Trotman calls for National Debate on coalition approach to 2011 elections
While pointing out that the issues of shared governance and coalition governance are distinct and separate, leader of the Alliance for Change, Raphael Trotman, said that there is need for a public debate on an alliance to contest the 2011 elections.
Shared governance has to do more with the mechanism for governance while the other addresses an electoral arrangement for gaining government and if so between which opposition parties and personalities.
Trotman said that everyone is undoubtedly excited about the prospects for Guyana following the People’s Partnership victory in Trinidad and Tobago and the “Mega Alliance” in Suriname.
“I have no doubt that the power of two in an alliance is exponentially greater than one.”
Trotman said that his party will have to examine the pros and cons before saying that the same situation can or cannot be replicated here.
“For one, the ‘first past the post’ constituency system is inherently better geared for coalition government as against the party list system applied under a system of proportional representation.”
He pointed to the fact that history, both recent and long past, has shown that coalition governments are themselves prone to instability.
“Yet indeed the multiplying effect of many hands at work is obvious and cannot be wished away. I recall one of the more striking lines from the movie The Ten Commandments which says: The city is made of bricks….The strong make many, the starving make few, the dead make none”. The AFC leader said that there is no doubt that the government is on a targeted campaign to compromise, harass, and de-rail the opposition leaders one by one using every device at their disposal, including getting opposition leaders to attack others.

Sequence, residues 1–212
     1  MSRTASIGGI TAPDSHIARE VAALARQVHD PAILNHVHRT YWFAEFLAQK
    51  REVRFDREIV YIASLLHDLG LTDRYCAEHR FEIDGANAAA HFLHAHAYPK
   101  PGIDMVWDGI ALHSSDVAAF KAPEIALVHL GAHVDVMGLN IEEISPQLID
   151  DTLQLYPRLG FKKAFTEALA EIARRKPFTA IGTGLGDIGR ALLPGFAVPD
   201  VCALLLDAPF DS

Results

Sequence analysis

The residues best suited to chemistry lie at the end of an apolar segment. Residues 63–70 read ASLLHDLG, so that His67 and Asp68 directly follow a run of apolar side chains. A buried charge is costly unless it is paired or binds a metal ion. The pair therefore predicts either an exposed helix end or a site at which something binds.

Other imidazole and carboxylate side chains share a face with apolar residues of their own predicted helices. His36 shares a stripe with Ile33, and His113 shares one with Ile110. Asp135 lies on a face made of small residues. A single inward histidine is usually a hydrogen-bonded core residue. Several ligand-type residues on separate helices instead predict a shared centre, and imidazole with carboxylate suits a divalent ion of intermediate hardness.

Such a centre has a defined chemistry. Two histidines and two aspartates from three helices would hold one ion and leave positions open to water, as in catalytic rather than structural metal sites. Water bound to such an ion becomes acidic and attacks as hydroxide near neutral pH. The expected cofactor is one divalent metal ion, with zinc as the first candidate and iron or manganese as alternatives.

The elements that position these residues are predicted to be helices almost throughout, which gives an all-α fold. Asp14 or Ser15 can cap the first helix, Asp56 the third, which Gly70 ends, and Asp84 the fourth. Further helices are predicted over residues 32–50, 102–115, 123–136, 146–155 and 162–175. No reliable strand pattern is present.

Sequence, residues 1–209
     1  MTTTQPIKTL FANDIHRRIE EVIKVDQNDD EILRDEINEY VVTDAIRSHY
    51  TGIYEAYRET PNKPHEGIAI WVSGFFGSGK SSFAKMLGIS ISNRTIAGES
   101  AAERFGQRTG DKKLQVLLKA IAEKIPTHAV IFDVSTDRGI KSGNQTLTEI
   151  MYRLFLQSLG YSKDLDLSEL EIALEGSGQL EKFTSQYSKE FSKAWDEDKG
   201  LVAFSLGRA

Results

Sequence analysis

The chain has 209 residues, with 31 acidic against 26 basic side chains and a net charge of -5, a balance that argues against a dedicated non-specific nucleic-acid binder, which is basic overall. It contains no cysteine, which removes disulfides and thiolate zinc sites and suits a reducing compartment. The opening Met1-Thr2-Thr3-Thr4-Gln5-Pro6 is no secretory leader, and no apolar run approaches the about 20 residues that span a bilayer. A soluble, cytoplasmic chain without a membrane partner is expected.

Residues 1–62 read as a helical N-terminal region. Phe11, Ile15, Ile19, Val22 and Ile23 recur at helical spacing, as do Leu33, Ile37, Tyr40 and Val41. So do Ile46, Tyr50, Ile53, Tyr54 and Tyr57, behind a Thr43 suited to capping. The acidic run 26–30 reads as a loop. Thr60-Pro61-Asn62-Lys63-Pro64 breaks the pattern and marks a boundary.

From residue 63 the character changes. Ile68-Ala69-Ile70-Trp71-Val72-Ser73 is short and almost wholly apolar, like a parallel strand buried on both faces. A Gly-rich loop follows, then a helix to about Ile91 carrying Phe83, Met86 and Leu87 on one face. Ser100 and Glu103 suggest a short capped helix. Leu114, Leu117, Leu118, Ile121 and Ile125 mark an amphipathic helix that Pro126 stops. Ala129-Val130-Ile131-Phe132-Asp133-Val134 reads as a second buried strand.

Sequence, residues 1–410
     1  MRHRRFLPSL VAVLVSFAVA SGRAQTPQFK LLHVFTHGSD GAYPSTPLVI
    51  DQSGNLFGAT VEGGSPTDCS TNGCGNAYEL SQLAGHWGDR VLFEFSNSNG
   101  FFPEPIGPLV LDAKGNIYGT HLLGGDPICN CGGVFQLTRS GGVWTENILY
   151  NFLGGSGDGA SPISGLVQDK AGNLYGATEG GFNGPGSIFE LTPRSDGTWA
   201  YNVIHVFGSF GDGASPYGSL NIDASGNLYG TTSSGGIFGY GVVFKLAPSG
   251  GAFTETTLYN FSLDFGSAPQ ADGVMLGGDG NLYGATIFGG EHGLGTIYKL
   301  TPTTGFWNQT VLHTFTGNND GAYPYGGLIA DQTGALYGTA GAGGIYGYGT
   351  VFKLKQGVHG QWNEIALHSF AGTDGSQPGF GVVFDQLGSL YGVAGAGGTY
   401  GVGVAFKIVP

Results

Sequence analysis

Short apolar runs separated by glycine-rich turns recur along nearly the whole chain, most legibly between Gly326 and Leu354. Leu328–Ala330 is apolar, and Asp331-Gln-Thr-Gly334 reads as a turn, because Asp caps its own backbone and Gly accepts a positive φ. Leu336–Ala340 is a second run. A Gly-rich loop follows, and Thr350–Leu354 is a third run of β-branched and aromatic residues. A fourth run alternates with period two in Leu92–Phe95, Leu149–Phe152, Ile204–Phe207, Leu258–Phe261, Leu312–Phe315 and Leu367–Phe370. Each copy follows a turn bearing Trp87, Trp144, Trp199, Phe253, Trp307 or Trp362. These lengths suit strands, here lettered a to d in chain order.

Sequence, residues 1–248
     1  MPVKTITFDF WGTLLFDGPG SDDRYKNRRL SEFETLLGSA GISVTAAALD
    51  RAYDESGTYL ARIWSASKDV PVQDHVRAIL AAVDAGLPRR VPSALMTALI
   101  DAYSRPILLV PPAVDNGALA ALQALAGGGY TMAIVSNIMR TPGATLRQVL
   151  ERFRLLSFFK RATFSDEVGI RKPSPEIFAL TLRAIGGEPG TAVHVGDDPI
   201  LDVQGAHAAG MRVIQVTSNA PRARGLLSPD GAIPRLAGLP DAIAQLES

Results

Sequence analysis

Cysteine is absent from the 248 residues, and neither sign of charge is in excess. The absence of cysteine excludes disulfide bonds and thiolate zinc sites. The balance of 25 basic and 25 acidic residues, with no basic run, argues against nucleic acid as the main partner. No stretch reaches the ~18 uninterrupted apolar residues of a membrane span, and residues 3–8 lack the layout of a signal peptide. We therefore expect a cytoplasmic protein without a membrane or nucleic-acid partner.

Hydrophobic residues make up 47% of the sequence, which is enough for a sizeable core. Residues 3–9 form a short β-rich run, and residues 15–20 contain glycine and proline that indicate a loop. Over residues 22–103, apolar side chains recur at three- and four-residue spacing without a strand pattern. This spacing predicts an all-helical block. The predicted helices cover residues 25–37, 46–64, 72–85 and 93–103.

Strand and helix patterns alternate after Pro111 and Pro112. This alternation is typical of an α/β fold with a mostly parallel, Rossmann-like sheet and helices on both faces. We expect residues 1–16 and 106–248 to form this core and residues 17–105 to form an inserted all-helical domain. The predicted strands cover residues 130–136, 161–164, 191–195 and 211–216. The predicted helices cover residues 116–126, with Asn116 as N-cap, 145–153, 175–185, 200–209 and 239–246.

“We can decide whether we want to build a city of bricks together or find ourselves alone and separate and at the same time becoming weakened by the relentless onslaught we face from the government, and eventually dead.”
Trotman pointed to recent writings by Dr. Cheddi Jagan which suggest that any “alliance of opposition forces should exclude AFC, GAP and ROAR because we behaved dishonourably somehow.”
Trotman said that the people are ultimately the best judge of that. “We will not respond since to do so would be to play straight into the hands of the PPP/C.”
The AFC leader did stress that the AFC is in effect an alliance and is always looking for ways to expand its base and to be of greater effect and influence but not at the same time sacrificing its principles just, “so we can be in a political bed with everyone else…More is not always best.”
The AFC leader said that he is very interested in a national debate on the matter and to have the citizens voice their opinions on whether there should be an alliance and if so between which opposition parties and personalities.
“Personally, I strongly favour the presence of a strong civic society component being included in any mega alliance that is being considered…The AFC is not against alliances in principle but we are against an alliance for convenience sake if it is not carefully and strategically thought through.”